Continuous Monitoring of Vital Signs With Wearable Sensors During Daily Life Activities: Validation Study

Marjolein E. Haveman*, Mathilde C. van Rossum, Roswita M.E. Vaseur, Claire van der Riet, Richte C.L. Schuurmann, Hermie J. Hermens, Jean Paul P.M. de Vries, Monique Tabak

*Corresponding author for this work

Research output: Contribution to journalArticleAcademicpeer-review

15 Citations (Scopus)
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Background: Continuous telemonitoring of vital signs in a clinical or home setting may lead to improved knowledge of patients’ baseline vital signs and earlier detection of patient deterioration, and it may also facilitate the migration of care toward home. Little is known about the performance of available wearable sensors, especially during daily life activities, although accurate technology is critical for clinical decision-making. Objective: The aim of this study is to assess the data availability, accuracy, and concurrent validity of vital sign data measured with wearable sensors in volunteers during various daily life activities in a simulated free-living environment. Methods: Volunteers were equipped with 4 wearable sensors (Everion placed on the left and right arms, VitalPatch, and Fitbit Charge 3) and 2 reference devices (Oxycon Mobile and iButton) to obtain continuous measurements of heart rate (HR), respiratory rate (RR), oxygen saturation (SpO2), and temperature. Participants performed standardized activities, including resting, walking, metronome breathing, chores, stationary cycling, and recovery afterward. Data availability was measured as the percentage of missing data. Accuracy was evaluated by the median absolute percentage error (MAPE) and concurrent validity using the Bland-Altman plot with mean difference and 95% limits of agreement (LoA). Results: A total of 20 volunteers (median age 64 years, range 20-74 years) were included. Data availability was high for all vital signs measured by VitalPatch and for HR and temperature measured by Everion. Data availability for HR was the lowest for Fitbit (4807/13,680, 35.14% missing data points). For SpO2 measured by Everion, median percentages of missing data of up to 100% were noted. The overall accuracy of HR was high for all wearable sensors, except during walking. For RR, an overall MAPE of 8.6% was noted for VitalPatch and that of 18.9% for Everion, with a higher MAPE noted during physical activity (up to 27.1%) for both sensors. The accuracy of temperature was high for VitalPatch (MAPE up to 1.7%), and it decreased for Everion (MAPE from 6.3% to 9%). Bland-Altman analyses showed small mean differences of VitalPatch for HR (0.1 beats/min [bpm]), RR (−0.1 breaths/min), and temperature (0.5 °C). Everion and Fitbit underestimated HR up to 5.3 (LoA of −39.0 to 28.3) bpm and 11.4 (LoA of −53.8 to 30.9) bpm, respectively. Everion had a small mean difference with large LoA (−10.8 to 10.4 breaths/min) for RR, underestimated SpO2 (>1%), and overestimated temperature up to 2.9 °C. Conclusions: Data availability, accuracy, and concurrent validity of the studied wearable sensors varied and differed according to activity. In this study, the accuracy of all sensors decreased with physical activity. Of the tested sensors, VitalPatch was found to be the most accurate and valid for vital signs monitoring.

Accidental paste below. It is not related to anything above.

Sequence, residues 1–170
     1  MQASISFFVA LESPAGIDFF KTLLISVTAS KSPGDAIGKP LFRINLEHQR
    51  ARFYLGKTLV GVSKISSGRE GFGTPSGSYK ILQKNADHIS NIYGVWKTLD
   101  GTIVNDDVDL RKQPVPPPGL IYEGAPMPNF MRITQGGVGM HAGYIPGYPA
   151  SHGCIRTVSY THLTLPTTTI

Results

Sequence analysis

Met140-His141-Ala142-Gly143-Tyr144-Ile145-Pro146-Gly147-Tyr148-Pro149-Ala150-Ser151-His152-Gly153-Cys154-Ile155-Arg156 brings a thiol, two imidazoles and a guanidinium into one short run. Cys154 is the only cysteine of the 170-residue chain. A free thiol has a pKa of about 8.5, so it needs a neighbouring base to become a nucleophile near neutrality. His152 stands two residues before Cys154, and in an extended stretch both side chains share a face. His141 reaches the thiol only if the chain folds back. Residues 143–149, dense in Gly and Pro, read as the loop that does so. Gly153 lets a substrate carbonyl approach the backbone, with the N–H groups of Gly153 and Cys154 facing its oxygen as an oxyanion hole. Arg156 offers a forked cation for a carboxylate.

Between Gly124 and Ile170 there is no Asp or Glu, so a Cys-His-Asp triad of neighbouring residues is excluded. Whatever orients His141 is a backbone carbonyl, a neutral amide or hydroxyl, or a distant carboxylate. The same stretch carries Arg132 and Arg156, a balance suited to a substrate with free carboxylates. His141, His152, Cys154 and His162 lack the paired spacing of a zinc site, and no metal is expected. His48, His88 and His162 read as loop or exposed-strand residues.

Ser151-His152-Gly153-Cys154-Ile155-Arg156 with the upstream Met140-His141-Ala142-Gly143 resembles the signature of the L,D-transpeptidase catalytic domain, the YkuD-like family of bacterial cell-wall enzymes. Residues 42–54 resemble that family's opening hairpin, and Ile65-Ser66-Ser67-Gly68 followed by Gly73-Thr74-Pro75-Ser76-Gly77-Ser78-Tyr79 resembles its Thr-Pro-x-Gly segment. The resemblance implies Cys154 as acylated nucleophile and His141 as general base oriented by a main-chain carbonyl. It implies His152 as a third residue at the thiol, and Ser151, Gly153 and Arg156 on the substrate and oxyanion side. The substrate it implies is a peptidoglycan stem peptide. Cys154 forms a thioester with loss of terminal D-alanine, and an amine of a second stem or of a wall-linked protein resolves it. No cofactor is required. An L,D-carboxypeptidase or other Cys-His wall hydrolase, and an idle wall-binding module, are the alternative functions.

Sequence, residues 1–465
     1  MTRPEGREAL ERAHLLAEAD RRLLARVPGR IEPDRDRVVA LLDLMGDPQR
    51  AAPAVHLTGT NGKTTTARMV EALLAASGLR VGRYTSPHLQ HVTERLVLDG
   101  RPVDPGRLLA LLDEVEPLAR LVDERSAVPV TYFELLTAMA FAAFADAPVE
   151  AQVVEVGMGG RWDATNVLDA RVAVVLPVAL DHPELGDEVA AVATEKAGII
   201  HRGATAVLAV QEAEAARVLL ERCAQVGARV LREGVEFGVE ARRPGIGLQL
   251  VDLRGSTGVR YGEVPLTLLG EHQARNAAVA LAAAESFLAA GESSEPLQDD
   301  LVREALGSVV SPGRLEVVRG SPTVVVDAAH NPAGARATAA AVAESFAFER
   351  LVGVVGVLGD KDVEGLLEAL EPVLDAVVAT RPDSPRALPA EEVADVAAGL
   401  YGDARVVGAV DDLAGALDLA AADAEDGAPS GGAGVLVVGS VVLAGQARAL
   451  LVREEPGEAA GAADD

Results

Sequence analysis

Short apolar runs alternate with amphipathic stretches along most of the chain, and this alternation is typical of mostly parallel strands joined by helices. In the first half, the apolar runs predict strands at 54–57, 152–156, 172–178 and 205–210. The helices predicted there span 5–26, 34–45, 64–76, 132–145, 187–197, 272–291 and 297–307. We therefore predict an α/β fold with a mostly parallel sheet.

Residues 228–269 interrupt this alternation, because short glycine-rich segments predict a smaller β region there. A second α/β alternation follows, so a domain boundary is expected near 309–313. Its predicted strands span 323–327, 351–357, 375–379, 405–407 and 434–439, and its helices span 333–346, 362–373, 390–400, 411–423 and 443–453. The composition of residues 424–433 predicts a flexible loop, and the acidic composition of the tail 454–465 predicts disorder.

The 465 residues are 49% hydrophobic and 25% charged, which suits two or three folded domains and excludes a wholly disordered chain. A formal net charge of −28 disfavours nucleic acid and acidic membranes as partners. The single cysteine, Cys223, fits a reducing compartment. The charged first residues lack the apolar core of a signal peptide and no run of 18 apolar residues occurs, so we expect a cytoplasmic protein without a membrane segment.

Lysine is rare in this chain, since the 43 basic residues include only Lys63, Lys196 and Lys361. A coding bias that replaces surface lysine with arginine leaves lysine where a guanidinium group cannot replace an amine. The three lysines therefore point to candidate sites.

Original languageEnglish
Article numbere30863
JournalJMIR Formative Research
Issue number1
Publication statusPublished - Jan 2022


  • Accuracy
  • Biosensor
  • Continuous monitoring
  • MHealth
  • Telemonitoring
  • Validity
  • Vital signs
  • Wearable
  • Wearable sensors


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